How Do You Teach a 3 Year Old to BLOW His Nose?!

Updated on August 27, 2013
A.H. asks from San Antonio, TX
12 answers

Unfortunately, my whole family has a cold right now. My 3 year old has a terrible runny nose and I just can't seem to make him understand that he needs to blow out instead of sucking in! I know he'd feel so much better if he'd just blow. Any suggestions on what to do?

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So What Happened?

Thank you all so much! I really didn't have any luck with him. Bless his heart, he tried lol. I just ended up using one of those bulb syringes to give him a little relief!

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answers from Wausau on

Just keep at it. He will get the hang of it in the next 2-4 years. Heh. I hope you're all feeling better soon.

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answers from Washington DC on

I told DD to pretend she was blowing out a birthday candle...with her nose.

5 moms found this helpful


answers from Savannah on

Keep working on it in different ways. If all else fails, use an aspirator (at least before bedtime). A little bit of discomfort will make a big difference when he can breath easily to fall asleep.



answers from Norfolk on

My pediatrician says kids either get it or they don't. My oldest could do it by age 3. My youngest at 5 still can't do it. He had no tricks for me. :(

Just keep trying and be patient! Good luck!



answers from Portland on

I had to resort to bribes. Sorry, but true-- this was an area which was really hard for my son.

And after all that, due to his allergies and inclination to getting ear infections during that season, the doc has told him to just wipe his nose instead of blowing. Can't win!



answers from Honolulu on

Just SHOW him, you doing it.... and then tell him to try.
Blowing out from his, nose.
Show him yourself and you doing it.

My kids learned to blow their nose by that age.


answers from Chicago on

Still working on this concept with my now 6yr old. The most effective method has been to take a tissue and have him hold it on both sides of the nose with fingers. Then have him suck in air thru his mouth, lift the right, close mouth and blow! Repeat on other side. This works for us often, but I prompt him step by step still. I also like to help him by giving him a warm bath or steaming his face (gently and safely of course), it seems to come out with less of a blow.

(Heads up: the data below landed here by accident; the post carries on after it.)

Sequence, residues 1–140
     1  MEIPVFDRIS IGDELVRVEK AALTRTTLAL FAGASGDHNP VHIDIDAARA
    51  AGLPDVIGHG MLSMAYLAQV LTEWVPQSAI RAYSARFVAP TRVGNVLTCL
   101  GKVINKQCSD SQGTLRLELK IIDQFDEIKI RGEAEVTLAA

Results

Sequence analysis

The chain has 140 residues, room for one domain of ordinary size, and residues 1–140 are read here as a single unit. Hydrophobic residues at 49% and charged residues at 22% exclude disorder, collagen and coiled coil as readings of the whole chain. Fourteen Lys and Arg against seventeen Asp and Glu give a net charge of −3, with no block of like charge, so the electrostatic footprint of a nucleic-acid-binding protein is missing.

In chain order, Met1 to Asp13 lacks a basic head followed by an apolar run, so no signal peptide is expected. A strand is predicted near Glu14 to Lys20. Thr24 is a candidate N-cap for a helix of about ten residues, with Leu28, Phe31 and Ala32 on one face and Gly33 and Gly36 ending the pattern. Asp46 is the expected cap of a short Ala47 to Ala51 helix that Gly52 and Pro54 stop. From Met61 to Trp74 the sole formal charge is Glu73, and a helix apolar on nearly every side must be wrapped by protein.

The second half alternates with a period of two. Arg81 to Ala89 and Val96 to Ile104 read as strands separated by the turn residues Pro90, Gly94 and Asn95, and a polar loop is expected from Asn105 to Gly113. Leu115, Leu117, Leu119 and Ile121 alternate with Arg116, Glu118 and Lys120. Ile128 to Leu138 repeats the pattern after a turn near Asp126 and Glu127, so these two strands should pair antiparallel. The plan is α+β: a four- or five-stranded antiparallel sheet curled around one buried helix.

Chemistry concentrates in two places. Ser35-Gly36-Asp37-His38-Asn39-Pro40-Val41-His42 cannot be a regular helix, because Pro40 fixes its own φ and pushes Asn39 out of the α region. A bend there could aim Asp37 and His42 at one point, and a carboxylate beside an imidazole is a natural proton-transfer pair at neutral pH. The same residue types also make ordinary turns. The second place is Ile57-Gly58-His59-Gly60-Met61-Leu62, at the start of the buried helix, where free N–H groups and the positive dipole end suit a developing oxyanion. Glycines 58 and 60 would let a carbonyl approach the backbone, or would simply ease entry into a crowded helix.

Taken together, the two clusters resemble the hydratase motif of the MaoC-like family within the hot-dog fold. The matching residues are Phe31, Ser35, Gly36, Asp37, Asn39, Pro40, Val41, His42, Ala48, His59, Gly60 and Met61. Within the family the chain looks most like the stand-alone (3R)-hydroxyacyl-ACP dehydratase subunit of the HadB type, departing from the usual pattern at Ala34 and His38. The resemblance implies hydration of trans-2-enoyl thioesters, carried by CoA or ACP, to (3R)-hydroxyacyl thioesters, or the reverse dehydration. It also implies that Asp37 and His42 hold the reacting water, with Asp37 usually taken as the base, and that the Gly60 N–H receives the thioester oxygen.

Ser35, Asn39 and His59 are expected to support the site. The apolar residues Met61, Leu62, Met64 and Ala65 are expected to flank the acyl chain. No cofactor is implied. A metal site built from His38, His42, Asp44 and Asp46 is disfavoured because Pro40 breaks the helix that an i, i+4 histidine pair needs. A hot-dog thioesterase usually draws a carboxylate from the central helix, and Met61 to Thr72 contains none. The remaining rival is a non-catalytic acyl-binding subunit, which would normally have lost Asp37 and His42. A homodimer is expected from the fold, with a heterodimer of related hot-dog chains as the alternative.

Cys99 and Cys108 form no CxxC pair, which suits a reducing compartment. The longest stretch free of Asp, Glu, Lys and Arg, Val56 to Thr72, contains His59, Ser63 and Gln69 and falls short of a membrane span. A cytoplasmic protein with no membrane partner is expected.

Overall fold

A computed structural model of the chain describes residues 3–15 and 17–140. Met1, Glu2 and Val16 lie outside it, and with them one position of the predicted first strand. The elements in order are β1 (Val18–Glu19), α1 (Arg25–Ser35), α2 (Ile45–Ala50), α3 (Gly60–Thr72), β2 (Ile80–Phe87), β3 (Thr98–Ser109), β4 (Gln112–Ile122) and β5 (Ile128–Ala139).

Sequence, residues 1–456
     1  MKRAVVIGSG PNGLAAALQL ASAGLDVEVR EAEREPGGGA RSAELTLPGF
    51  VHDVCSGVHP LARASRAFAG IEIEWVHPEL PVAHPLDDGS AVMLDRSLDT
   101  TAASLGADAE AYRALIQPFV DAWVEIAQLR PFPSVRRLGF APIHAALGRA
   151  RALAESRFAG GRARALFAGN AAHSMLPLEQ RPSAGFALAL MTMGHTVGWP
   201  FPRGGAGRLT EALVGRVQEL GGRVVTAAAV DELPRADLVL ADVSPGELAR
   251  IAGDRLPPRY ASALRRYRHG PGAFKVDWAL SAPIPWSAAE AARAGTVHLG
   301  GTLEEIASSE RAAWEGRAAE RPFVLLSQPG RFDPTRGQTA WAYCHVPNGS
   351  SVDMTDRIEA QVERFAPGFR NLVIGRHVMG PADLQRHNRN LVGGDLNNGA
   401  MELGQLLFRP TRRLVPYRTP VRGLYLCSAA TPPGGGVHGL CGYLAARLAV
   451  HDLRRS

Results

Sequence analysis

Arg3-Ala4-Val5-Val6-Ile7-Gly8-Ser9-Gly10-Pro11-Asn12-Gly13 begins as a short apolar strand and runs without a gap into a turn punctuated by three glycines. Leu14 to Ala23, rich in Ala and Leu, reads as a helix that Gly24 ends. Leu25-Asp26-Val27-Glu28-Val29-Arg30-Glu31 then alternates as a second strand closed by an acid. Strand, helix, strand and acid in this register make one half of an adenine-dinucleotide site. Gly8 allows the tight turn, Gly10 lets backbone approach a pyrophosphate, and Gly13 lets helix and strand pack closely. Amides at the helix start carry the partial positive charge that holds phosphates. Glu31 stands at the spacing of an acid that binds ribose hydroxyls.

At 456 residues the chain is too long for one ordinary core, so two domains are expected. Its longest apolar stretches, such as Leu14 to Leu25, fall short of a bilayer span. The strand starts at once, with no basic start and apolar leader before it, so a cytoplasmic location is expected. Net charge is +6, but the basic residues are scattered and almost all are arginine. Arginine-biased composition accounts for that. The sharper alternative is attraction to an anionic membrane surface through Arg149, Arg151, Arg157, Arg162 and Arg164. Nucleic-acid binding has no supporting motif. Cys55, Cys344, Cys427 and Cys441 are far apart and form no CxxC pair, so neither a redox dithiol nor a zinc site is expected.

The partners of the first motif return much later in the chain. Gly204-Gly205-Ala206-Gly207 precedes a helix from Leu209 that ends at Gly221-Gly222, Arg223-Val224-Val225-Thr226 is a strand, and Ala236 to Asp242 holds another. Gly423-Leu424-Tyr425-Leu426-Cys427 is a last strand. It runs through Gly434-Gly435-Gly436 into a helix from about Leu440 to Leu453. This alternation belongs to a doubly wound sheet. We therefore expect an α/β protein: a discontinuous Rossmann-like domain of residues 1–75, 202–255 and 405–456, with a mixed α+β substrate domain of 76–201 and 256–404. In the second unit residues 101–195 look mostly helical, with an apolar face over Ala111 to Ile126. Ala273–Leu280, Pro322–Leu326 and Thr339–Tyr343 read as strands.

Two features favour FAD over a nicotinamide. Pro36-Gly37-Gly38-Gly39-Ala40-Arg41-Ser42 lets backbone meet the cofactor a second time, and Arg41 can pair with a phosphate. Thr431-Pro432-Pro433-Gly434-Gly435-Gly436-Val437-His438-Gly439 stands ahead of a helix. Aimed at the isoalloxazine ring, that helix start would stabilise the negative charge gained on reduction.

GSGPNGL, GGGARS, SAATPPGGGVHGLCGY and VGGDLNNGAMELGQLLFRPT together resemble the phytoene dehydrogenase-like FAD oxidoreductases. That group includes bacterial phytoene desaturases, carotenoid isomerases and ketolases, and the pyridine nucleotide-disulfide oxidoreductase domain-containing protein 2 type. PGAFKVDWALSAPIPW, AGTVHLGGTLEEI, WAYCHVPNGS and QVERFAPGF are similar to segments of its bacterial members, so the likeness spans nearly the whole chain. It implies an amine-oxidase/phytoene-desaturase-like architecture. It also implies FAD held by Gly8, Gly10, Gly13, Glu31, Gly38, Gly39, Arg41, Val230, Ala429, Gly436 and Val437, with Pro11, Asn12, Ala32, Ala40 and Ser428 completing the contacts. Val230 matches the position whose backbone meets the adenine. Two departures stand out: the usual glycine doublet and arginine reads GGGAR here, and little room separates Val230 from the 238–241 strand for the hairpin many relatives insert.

answers from Oklahoma City on

Most kids can't do this even at kindergarten age. It's something you can work on but it's likely not going to be Just keep wiping and use a snot sucker.

Put him in a blanket like a burrito. Put him on a dresser or cabinet that is at least waist height. If you're right handed....snuggle his head in the crook of your left arm. Use your body to lean over his chest a bit. Use your right elbow to hold his body while holding the snot sucker in your right hand.

Your left hand holds his other nasal hole closed while the snot sucker is in the other one.

Have a paper towel or several tissues laying on the other side of him so you can blow out the snot sucker after each suction.

So you're effectively getting all the snot in his sinuses out with the snot sucker and then switching sides when that one is clear.

He'll hate it of course but it's healthier for him to get the snot out instead of sucking it down his throat and then getting upper respiratory goop too.



answers from Las Vegas on

Hmmm...who to write this out. Put a tissue over your nose and show him what the tissue does when you blow out. He will likely blow through his mouth, which is fine, but then show him that you can do it with your mouth closed.



answers from Chattanooga on

I held the tissue over my DD's nose, told her to take a BIG breath, then shifted my hand so it was covering her mouth too. Then I told her to blow REALLY hard out of her nose. It worked well, and after that she just did it right.



answers from Chicago on

I think some kids do it more naturally than others. My 2 year old is really good, but at time I use the nose frida to help get it all out. It certianly cuts down on the length of time for a cold/stuffy nose.

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